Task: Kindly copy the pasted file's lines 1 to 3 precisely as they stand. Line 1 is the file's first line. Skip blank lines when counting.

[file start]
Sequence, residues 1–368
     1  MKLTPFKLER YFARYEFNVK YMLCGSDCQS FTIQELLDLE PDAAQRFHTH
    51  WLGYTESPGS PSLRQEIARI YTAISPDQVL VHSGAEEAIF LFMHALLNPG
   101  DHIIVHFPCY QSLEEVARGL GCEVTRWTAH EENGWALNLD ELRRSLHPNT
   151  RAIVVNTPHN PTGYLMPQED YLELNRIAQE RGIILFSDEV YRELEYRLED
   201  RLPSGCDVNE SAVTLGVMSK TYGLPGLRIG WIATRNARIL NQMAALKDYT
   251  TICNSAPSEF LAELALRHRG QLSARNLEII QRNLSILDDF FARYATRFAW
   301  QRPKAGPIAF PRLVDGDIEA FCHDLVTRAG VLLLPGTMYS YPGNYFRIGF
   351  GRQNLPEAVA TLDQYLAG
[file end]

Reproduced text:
Sequence, residues 1–368
     1  MKLTPFKLER YFARYEFNVK YMLCGSDCQS FTIQELLDLE PDAAQRFHTH
    51  WLGYTESPGS PSLRQEIARI YTAISPDQVL VHSGAEEAIF LFMHALLNPG